Why investing in Education is important?

Nov 28, 2018

The importance of human capital in affecting growth has long been recognized. However, a recent policy research working paper A Primer on Human Capital by World Bank Group provides an up-to-date summary of some of the key findings linking human capital and income growth. Human capital is a broad concept, which includes not only education but also medical care, and early childhood interventions. However, this blog focuses only on the findings related specifically to education.

Returns to Investing in Education

Returns to education have been estimated on numerous countries and over long time periods.  

Early findings by Barro and Sala-i-Martin suggest that each one-year increase in male secondary schooling is linked to an estimated increase in country-wide economic growth of 1.1%. Notably compare to primary education it is secondary and higher education that are most responsible for the positive impact on growth (Barro and Sala-i-Martin (1995), chapter 12, page 431.).1

Working with data from 149 countries, Montenegro and Patrinos (2014) estimated that, on average, one additional year of schooling is associated with a 9.7% increase in earnings; with higher increases for women than men (11.4% with respect to 9.1%). However, they find wide variations between countries and over time: returns range from more than 25% to less than 1%.2

According to the working paper by Eduardo Zepeda the average monthly gross earnings of Kenyans who graduated from primary school is below the internationally recognized absolute poverty line of 37.5 USD per month (1.25 USD per day). In contrast to that, Kenyans who graduated from secondary school earn on average 80 USD per month. This is more than twice the income, which defines absolute poverty and is almost a tripling of income compared to Kenyans who dropped out or never started with their high school education.3

Country variation remains substantial also in the results found by Caselli (2015) which collects findings from different authors on 87 countries in the mid-1990s and 91 countries in the mid-2000s. Regional patterns by world regions over time show stable returns to Europe and Central Asia (about 7%) and in Africa and the Middle East (about 8%); a decrease in returns in Latin America and the Caribbean (from more than 10% in the 1990s to about 8% in the 2000s); and an increase in returns in South-East Asia and the Pacific (from about 8% in the 1990s to more than 10% in the 2000s.)4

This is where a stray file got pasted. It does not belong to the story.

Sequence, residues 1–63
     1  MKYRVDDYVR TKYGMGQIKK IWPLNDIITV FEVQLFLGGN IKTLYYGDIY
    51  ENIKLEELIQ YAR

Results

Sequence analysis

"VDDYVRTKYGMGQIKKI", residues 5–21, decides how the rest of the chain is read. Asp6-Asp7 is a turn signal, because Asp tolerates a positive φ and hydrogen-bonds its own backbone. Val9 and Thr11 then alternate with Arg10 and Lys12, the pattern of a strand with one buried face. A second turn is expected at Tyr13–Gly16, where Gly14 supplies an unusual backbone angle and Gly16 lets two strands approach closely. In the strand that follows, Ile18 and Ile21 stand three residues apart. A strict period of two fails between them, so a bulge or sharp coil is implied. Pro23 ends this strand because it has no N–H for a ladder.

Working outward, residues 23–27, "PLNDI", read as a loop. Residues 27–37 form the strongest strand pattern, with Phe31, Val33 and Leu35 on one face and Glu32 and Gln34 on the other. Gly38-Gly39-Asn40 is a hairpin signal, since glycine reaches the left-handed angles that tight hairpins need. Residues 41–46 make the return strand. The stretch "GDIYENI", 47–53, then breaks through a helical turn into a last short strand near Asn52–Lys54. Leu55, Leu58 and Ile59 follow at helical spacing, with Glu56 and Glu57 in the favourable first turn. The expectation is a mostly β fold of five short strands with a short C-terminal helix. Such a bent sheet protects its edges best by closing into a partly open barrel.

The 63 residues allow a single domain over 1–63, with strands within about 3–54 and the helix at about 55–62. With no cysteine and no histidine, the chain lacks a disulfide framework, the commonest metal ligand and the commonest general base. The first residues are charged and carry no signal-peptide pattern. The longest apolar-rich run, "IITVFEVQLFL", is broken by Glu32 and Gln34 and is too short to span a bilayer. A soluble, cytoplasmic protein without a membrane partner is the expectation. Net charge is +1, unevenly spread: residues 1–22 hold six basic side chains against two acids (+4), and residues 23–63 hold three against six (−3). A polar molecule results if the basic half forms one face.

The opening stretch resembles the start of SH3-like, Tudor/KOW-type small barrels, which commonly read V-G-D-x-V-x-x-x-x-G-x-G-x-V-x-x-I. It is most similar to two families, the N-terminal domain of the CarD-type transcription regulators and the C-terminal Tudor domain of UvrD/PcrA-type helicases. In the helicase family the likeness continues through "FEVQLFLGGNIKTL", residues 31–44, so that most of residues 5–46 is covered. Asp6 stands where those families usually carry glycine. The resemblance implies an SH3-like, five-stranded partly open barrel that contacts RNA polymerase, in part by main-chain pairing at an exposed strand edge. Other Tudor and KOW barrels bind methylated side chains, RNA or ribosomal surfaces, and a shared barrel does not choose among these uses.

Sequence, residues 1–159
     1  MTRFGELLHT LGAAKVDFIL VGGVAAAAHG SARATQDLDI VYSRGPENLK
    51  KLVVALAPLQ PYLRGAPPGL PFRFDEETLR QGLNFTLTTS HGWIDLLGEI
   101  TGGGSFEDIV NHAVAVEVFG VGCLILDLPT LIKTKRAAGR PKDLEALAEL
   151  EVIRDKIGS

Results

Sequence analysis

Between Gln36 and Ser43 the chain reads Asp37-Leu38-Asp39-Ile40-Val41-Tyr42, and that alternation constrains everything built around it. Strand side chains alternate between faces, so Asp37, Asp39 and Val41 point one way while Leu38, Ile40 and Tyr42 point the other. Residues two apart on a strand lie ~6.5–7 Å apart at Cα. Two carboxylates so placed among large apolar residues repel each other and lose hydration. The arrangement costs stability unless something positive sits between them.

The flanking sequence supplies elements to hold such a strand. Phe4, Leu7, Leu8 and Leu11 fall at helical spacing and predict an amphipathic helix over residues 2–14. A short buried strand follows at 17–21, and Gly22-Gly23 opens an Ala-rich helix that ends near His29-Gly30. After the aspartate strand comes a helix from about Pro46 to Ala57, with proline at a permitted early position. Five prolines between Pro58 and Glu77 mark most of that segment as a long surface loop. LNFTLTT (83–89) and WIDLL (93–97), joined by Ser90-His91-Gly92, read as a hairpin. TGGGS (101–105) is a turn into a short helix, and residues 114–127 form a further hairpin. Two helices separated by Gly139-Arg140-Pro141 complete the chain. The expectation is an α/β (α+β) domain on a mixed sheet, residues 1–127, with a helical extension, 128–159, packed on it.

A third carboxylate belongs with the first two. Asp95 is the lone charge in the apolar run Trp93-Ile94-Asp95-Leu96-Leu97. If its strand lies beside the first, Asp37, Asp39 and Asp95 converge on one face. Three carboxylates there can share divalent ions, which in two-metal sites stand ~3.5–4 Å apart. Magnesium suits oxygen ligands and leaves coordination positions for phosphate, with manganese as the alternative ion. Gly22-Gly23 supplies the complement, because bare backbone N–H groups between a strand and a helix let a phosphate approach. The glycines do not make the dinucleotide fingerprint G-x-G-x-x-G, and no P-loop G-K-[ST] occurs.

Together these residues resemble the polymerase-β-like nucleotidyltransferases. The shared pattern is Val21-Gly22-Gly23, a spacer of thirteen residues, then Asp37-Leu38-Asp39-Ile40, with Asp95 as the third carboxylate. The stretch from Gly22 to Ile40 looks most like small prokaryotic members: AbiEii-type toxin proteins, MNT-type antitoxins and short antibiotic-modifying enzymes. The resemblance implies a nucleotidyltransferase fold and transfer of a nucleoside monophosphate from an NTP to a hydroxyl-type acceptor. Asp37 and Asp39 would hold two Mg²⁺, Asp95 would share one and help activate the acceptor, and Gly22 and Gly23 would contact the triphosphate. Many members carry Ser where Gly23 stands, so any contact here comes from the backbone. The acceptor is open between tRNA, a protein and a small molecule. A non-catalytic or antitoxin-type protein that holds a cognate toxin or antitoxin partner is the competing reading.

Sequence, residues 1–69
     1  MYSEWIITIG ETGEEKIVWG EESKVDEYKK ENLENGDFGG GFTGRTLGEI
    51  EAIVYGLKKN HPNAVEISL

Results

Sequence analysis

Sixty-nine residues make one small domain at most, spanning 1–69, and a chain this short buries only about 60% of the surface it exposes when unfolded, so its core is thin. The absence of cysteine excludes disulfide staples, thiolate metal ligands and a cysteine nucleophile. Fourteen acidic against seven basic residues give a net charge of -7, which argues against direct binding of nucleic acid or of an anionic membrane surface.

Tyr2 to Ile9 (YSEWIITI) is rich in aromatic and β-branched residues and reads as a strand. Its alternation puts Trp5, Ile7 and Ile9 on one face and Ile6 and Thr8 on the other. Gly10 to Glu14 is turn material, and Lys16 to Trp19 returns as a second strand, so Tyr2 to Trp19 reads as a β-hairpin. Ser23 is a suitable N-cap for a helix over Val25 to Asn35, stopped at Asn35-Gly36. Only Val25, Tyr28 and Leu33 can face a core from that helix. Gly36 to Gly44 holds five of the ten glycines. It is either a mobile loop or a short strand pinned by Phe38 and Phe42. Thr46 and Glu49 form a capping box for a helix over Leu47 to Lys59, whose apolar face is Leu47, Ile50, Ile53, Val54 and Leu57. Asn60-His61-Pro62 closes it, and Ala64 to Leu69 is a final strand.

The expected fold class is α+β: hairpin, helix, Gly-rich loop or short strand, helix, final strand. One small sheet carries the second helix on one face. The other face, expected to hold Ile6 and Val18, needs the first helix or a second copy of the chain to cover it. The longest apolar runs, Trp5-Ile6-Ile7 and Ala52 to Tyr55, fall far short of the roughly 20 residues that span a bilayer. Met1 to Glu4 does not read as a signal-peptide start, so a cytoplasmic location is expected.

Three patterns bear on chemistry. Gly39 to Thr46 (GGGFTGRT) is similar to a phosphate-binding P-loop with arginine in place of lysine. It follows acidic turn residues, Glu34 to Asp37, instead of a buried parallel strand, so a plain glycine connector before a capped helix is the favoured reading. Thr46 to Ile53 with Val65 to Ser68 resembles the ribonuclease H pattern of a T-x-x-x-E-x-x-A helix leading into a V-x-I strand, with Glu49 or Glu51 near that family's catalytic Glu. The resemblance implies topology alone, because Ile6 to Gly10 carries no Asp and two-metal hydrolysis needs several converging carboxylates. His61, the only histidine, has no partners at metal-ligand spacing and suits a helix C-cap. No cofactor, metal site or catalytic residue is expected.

Various studies have also attempted to estimate the interaction between education and other human capital components, such as health, crime, and political participation. Some results report very large effects. For example, Lochner and Moretti (2004) conclude that an extra year of completed schooling is associated with a 10-15% reduction in incarceration rates. Brunello et al. (2013) estimate that years of schooling have a causal effect on the body mass index (BMI) of women living in nine European countries: one additional year of schooling reduces the BMI by 1.84%. Last but not least, Heckman, Humphries, and Veramendi (2016) estimate the link between schooling decisions and health status and smoking behavior. In particular, completing College compared to dropping out from High School reduces the probability of smoking by more than 17%.5

In conclusion, returns are generally positive in virtually all countries and periods. However, they vary over time within the same country. And last but not the least returns to education decisions are not limited to income but include nonproduction benefits, such as impacts on health, crime, and political participation.

These are just a few reasons why at Aiducation, we believe in investing in education. We know that the only thing more expensive than investing in education is not investing in education. That is why we are dedicated to continue our work and reach as many young talents as possible so that they can grow and help their communities.


Primary Source: Flabbi, Luca; Gatti, Roberta V.. 2018. A primer on human capital (English). Policy Research working paper; no. WPS 8309. Washington, D.C.: World Bank Group

Footnote:

  1.  Quoted in Flabbi , Luca; Gatti, Roberta V. A primer on human capital (English). Policy Research working paper; World Bank Group, no. WPS 8309. Washington, D.C. (2018):9
  2.  Quoted in Flabbi , Luca; Gatti, Roberta V. A primer on human capital (English). Policy Research working paper; World Bank Group, no. WPS 8309. Washington, D.C. (2018):15
  3.  Facts and Figures: Our Impact in Numbers, Aiducation, accessed November 25, 2018, http://www.aiducation.org/en/our-impact/facts-and-figures.html
  4. Quoted in Flabbi, Luca; Gatti, Roberta V. A primer on human capital (English). Policy Research working paper; World Bank Group, no. WPS 8309. Washington, D.C. (2018):15
  5. Ibid p.16


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